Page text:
If you are feeling this way, I can only imagine how she is feeling. Probably 100 times closer to cracking. 

 

Since it's so frustrating for everyone, I tend to agree with the advice to continue to offer lots of sympathy but back away from being her lactation consultant. You've given her the information. She can use it or not.

 

Whatever decision she makes, it doesn't sound like the baby is in any danger of nutritional neglect, starvation, failing to thrive etc. etc.  

post #8 of 38
She isn't going to breastfeed. She just feels bad because she knows it is important to you. I'd back off at this point. If she hadn't had such a traumatic birth, maybe she would have focused on breastfeeding, but she had to focus on recovery from the birth.

It sounds like you're a good friend. smile.gif I'd just be there for her as she needs you.
post #9 of 38
Thread Starter 
Quote:
Originally Posted by mtiger View Post

Personally? It's her baby, and she should be allowed to choose what she feels is right for the both of them, w/o guilt or recriminations. 

Well obviously. I want her to do what she wants, but she keeps changing her mind and I don't know how to support her! I feel funny agreeing with one thing, and then another, and then another, and then doing it all over again. 

Quote:
Originally Posted by Imakcerka View Post

She feels guilty because she knows you disapprove of formula.  I have two breastfed kids and the last one is formula fed.  Amazingly he's perfect, he didn't lose any sparkles by being formula fed and it made it easier for my husband to take over his care while I work.  I did try and then I felt like I didn't want to go through all the problems I had had before again.  Respect her decision, it's her baby.  The baby will not be less awesome because of formula and the mother will not be less of a mother for forumla feeding. 

I really don't disapprove of formula. I was formula fed, my first son had some. We are all healthy. I eventually EPed my son, so I don't have that mindset of "you have to be on the breast to get all those bonding moments, eye contact, blah blah." Her boyfriend is very supportive of breastfeeding as well, not just me. 

Quote:
Originally Posted by mamazee View Post

She isn't going to breastfeed. She just feels bad because she knows it is important to you. I'd back off at this point. If she hadn't had such a traumatic birth, maybe she would have focused on breastfeeding, but she had to focus on recovery from the birth.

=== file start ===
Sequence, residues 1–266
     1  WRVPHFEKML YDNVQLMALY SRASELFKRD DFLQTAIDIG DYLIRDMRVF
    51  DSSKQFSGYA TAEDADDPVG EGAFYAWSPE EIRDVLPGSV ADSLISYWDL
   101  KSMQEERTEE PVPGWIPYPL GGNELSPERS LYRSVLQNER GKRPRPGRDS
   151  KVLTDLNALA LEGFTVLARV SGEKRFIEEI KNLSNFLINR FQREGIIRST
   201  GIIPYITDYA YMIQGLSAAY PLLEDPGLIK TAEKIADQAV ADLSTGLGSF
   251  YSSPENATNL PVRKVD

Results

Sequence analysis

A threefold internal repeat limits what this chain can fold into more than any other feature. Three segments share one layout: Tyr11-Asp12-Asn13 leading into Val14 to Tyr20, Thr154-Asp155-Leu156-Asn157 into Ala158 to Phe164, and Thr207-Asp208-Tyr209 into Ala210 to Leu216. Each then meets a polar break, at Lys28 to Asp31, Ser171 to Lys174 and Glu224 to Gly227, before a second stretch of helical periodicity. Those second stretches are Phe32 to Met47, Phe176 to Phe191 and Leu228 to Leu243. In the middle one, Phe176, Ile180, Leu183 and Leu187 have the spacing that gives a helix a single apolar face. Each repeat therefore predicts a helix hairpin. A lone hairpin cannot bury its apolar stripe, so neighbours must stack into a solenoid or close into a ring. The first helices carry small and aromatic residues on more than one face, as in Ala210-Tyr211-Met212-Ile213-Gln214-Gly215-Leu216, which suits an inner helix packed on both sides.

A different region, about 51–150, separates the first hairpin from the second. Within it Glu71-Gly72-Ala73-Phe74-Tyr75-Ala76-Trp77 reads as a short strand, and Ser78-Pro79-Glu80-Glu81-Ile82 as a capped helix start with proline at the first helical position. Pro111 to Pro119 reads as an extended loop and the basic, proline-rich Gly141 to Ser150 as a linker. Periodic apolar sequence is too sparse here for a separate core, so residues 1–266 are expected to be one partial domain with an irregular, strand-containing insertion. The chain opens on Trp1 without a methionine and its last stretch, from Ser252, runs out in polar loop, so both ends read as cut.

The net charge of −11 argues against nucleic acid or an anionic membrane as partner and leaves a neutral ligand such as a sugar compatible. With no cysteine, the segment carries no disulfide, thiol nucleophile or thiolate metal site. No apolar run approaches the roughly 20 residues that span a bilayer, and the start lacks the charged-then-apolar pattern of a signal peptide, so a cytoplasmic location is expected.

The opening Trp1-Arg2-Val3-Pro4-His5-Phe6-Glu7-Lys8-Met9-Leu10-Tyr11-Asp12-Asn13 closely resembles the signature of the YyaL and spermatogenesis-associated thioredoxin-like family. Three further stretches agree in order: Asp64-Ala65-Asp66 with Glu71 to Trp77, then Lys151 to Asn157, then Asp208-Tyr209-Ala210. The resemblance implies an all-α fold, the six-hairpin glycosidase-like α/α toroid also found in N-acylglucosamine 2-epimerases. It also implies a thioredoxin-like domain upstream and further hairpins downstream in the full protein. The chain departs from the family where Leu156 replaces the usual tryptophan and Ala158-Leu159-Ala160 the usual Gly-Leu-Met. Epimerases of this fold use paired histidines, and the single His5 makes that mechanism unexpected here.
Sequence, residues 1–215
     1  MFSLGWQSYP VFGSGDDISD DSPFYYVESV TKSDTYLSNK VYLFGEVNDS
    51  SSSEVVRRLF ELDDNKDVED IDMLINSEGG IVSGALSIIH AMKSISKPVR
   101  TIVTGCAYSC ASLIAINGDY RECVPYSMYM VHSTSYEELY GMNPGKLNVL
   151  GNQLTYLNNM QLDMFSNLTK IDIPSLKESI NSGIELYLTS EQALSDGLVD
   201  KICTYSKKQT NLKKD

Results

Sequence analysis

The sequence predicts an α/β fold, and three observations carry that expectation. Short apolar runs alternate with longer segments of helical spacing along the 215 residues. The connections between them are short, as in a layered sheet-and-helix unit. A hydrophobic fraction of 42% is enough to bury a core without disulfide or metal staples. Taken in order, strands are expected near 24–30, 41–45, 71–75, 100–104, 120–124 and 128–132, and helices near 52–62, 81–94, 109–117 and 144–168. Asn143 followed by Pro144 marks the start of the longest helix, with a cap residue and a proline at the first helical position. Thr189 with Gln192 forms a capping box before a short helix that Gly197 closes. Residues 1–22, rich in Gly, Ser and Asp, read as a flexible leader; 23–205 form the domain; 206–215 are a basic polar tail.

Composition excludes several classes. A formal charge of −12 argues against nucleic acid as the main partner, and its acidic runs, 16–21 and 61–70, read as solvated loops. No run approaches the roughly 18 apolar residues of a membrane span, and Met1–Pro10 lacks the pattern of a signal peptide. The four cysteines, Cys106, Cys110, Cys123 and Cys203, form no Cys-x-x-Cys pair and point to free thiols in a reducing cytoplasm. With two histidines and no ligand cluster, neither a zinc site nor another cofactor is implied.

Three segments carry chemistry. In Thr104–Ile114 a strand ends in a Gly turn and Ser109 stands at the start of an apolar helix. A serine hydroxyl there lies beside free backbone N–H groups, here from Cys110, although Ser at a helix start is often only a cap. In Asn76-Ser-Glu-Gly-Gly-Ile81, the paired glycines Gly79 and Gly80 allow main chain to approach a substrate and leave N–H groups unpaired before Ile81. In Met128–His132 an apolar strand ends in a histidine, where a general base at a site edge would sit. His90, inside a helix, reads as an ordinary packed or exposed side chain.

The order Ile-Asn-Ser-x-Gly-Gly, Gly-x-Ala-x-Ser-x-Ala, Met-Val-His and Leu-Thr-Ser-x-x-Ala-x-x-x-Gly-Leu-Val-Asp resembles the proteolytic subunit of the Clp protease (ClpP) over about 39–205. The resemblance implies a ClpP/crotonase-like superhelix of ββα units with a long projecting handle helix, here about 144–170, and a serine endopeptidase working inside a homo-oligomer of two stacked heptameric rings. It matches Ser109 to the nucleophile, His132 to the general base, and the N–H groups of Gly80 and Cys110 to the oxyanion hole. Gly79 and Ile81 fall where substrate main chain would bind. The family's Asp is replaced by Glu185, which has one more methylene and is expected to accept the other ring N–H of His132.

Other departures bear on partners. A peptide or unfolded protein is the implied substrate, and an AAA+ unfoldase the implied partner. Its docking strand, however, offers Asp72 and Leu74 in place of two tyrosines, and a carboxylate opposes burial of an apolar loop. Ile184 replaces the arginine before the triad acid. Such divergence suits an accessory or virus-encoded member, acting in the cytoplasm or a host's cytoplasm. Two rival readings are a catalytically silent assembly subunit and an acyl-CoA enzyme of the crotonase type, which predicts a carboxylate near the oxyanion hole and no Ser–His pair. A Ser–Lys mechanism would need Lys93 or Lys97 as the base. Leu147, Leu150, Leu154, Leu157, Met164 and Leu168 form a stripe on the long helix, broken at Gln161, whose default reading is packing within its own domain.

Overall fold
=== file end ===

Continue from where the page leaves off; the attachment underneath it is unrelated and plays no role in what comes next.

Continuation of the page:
It sounds like you're a good friend. smile.gif I'd just be there for her as she needs you.

I do want to back off, but I am not there making sure she is doing this and that. She is calling me.

post #10 of 38
Thread Starter 
Quote:
Originally Posted by LLQ1011 View Post

Let it go. I have a friend just like this. She obviously wanted to formula feed but felt it nescisary to pretend like she was interested in breastfeeding to me. She is obviously going to formula feed the kid and is just trying to either tell you what you want to hear and do the gradual oh so popular "everything went wrong so I could not breast feed route." Its ok for her to feed her baby how ever she wants. I agree for her to find a LC and to just kind of move on from the subject with her. There are a lot of hormones and stress in the first little while its her choice. I would tell her its ok to formula feed and see if she drops it.
 

I have told her this and she has not dropped it. She formula feeds for a day and then says it gives the baby tummy troubles, and then feels guilty because she knows her breast milk doesn't give him tummy troubles. So then we go on the cycle again. 

post #11 of 38
Thread Starter 
Quote:
Originally Posted by Viola View Post

This pattern sounds familiar with me or with my daughter when we feel like we should do something, but don't really want to do it, and I go back and forth between wanting to commit to one side and thinking I am, but then still feeling guilty and unsettled about what I'm not doing and not being able to give up the idea entirely until the option is gone. It also sounds like me when I'm procrastinating with something I really need to do.  I always ask myself what is it I want, what am I trying to accomplish with not doing something.  Is it a control thing?  Sometimes for me it is a control thing, I want to feel like I have more power over my own decisions.

 

If she had a traumatic birth experience, the issues around that might be clouding things.  She may feel that formula feeding is easier at this point, that it gives her more control over the situation than she has with a biological process that can be difficult when all these problems get in the way.  And she might feel like failing at that is going to make her feel even worse